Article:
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Showing posts with label Bob Grove. Show all posts
Showing posts with label Bob Grove. Show all posts

Monday, March 13, 2017

Don't miss The Literary Hour at the John C. Campbell Folk School, Brasstown, NC, March 16,2017 at 7:00 PM


On Thursday, March 16th, 2017 at 7:00 PM, John C. Campbell Folk School and NC Writers Network- West are sponsoring The Literary Hour, an hour of poetry and prose reading held at Keith House on the JCFS campus, Brasstown, NC. This reading is usually held on the third Thursday of the month. It is free of charge and open to the public. Poet Joan Howard and writer Bob Grove will be the featured readers. Both of these authors are residents of the area and published extensively. It should be an entertaining evening.


Joan Howard: Her poetry has been published in The Lyric, The Road Not Taken: The Journal of Formal Poetry, Lucid Rhythms, Victorian Violet, Our Pipe Dreams, Aurorean, Wild Goose Poetry Review, Miller's Pond, the 2012 Georgia Poetry Society's anthology Reach of Song, POEM, Wayfarer, and others.

Joan is a former teacher, a current member of North Carolina Writers' Network-West, and has studied German and English Literature.  Howard goes birding and kayaking and spends time in Athens, Georgia, and the beautiful waters of Lake Chatuge in Hiawassee, Georgia.


Bob Grove: Born in Cleveland, Ohio, Bob now lives in the mountains of North Carolina. Including studies at Cleveland State University, Baldwin-Wallace College and the University of South Florida, he received his Bachelor of Arts degree at Kent State University and his Master of Science degree at Florida Atlantic University. His diversified curriculum enabled him to teach courses in English, journalism, creative writing, general science, physics, chemistry, biology, earth science, space science and psychology.

Bob has been an ABC-TV public affairs director, an on-air personality, and the founder and publisher of Monitoring Times magazine. A prose critique facilitator for the North Carolina Writers Network and a director of the Ridgeline Literary Alliance, he has published 19 books and hundreds of articles in 21 magazines.

Now retired after 35 years as founder of Grove Enterprises, an international supplier of radio communications equipment, Bob has more time to write. He has published a mystery novella (Secrets of Magnolia Manor), his memoir (Misadventures of an Only Child), a collection of children’s stories (Adventures of Kaylie and Jimmy), and has written several flash fiction stories as well as some poetry. He has been awarded several gold medals in the North Carolina Silver Arts literature competition.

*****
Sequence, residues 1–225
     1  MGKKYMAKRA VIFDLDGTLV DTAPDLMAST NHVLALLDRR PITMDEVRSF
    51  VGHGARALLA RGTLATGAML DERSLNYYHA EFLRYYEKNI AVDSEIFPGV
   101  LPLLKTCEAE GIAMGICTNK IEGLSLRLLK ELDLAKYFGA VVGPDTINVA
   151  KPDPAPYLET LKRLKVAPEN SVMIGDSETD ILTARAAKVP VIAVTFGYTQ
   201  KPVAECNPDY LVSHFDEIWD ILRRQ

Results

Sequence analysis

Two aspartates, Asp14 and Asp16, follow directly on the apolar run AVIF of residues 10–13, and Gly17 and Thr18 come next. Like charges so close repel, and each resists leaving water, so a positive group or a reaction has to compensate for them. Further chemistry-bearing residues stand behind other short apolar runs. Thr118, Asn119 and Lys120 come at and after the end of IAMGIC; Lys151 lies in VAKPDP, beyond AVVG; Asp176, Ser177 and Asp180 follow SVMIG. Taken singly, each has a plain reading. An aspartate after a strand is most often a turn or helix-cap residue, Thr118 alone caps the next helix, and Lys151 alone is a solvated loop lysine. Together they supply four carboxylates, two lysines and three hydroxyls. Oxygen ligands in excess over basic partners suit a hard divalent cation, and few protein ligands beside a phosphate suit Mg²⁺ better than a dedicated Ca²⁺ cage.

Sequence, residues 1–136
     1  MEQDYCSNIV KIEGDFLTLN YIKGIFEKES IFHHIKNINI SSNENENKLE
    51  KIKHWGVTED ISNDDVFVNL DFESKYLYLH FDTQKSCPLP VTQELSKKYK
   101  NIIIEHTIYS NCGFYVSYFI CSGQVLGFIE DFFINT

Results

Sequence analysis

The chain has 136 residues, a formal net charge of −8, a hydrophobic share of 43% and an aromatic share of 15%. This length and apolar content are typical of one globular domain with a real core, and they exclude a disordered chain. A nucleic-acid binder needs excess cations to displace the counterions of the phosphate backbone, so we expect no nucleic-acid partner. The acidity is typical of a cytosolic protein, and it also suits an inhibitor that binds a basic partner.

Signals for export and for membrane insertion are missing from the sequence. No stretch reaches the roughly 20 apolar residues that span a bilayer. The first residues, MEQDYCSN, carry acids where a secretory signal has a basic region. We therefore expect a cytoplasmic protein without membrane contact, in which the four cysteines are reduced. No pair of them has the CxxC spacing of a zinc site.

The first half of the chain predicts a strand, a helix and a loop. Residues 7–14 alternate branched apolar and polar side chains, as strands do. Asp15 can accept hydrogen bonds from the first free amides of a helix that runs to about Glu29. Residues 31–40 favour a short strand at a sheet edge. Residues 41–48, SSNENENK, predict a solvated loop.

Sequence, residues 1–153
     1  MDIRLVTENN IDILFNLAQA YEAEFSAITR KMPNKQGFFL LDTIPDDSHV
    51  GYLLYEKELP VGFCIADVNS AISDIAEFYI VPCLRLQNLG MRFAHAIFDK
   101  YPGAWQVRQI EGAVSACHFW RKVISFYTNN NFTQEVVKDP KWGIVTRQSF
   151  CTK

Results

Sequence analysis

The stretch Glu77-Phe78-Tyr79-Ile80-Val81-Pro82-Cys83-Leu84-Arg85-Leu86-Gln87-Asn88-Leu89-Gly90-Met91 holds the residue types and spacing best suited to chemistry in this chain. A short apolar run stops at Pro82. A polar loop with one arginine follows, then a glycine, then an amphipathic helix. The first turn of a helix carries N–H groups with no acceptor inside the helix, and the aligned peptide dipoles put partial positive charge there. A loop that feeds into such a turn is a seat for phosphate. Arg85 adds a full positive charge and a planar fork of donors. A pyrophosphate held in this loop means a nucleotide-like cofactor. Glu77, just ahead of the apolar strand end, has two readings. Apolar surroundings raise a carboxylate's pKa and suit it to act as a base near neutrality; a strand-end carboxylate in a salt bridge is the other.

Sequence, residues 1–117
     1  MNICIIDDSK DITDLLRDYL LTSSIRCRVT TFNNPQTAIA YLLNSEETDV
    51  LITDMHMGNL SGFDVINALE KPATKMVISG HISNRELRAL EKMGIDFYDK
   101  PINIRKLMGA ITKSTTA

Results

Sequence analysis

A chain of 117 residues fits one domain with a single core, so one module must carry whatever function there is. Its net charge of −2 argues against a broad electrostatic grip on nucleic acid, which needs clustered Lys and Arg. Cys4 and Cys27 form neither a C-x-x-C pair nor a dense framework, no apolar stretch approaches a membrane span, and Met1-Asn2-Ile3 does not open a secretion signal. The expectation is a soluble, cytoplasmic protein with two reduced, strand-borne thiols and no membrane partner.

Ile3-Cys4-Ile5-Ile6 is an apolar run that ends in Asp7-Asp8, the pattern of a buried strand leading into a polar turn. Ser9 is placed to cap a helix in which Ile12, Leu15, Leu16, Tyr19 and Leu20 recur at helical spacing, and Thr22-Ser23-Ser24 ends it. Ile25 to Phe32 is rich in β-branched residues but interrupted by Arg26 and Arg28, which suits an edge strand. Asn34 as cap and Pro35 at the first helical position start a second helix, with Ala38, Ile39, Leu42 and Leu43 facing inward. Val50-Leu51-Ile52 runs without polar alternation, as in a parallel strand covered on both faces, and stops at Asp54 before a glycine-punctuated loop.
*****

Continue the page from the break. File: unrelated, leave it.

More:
Bob’s public readings are popular as a performance art form, typified by his well attended annual reading, in costume and British dialect, of Dickens’s A Christmas Carol at the John C. Campbell Folk School. He has been a featured speaker at 14 national conventions and a U.S. Congressional committee.

His collected writings on technical topics (Antenna Basics, Antenna Anthology and Ask Bob) are now available online, as is his informative Abnormal Psychology which he uses as a teaching text in continuing education classes, and Antiquing: A Collector’s Guide for appraising and auctioneering.

Several of Bob’s books are available on Amazon Kindle, and a sampling of his shorter works may be viewed on his website: bobgrove.org.

Tuesday, July 12, 2016

Photos from NCWN-West's booth at the Festival on the Square, Hayesville, NC, July 2016

North Carolina Writers' Network West's booth at the Festival on the Square, Hayesville, North Carolina hosted poet and writer attendees including: Tom and Polly Davis, Glenda Council Beall, Mary Ricketson, Rosemary Royston, Marcia Hawley Barnes, Joan M. Howard, Lucy Cole Gratton, Janice Townley Moore, Staci Lynn Bell,Bob Grove, and Joan Ellen Gage. Below are some photos of the event.

Rosemary Royston

Glenda Council Beall

Bob Grove and Lucy Cole Gratton

Glenda Council Beall, Bob Grove, Lucy Cole Gratton, Janice Townley Moore, and Lucy Rozier. Hidden is Joan M. Howard


Tom Davis and Janice Townley Moore
Marcia Hawley Barnes

Friday, May 20, 2016

In case you missed him, here is a video of Bob Grove reading a selection of his prose at Coffee With The Poets and Writers, May 18, 2016, at the Moss Memorial Library, Hayesville, NC.


Bob Grove

Here is a video of Bob reading a selection of his prose from the May 18, 2016 meeting of Coffee With the Poets and Writers, at the Moss Memorial Library in Hayesville, NC. This program was sponsored by the North Carolina Writers' Network-West.

Saturday, May 14, 2016

Prose writer Bob Grove to read at Coffee With the Poets and Writers, at the Moss Memorial Library, Wednesday, May 18, 2016, at 10:00 AM


This month, Coffee With the Poets and Writers welcomes Bob Grove. Bob is very entertaining, and will read some of his prose on Wednesday, May 18th, 2016, at 10:00 AM.


Coffee With the Poets and Writers meets every third Wednesday at 10:00 AM, at the Moss Memorial Library, at 26 Anderson Street, Hayesville, NC. The reading will be followed by open mic and the public is invited to attend.

North Carolina Writers' Network-West sponsors Coffee with the Poets and Writers. Please be sure to attend and to bring a friend! Coffee and cookies will be provided. For more information, please call Glenda Beall at: 828-389-4441, or the Moss Memorial Library at: 828-389-3734.


Born in Cleveland, Ohio, Bob Grove now lives in the mountains of North Carolina. He earned his Bachelor of Arts at Kent State University and his Master of Science at Florida Atlantic University. His diversified curriculum enabled him to teach courses in English, journalism, creative writing, physics, chemistry, biology and psychology.